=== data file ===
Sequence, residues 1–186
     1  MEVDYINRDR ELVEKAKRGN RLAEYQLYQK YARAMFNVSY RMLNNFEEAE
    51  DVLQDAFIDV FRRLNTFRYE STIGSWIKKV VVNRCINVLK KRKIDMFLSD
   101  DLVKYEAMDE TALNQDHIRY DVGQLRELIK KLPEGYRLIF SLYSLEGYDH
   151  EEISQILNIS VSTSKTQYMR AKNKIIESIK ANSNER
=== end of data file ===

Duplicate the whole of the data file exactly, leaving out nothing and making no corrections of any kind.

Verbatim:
Sequence, residues 1–186
     1  MEVDYINRDR ELVEKAKRGN RLAEYQLYQK YARAMFNVSY RMLNNFEEAE
    51  DVLQDAFIDV FRRLNTFRYE STIGSWIKKV VVNRCINVLK KRKIDMFLSD
   101  DLVKYEAMDE TALNQDHIRY DVGQLRELIK KLPEGYRLIF SLYSLEGYDH
   151  EEISQILNIS VSTSKTQYMR AKNKIIESIK ANSNER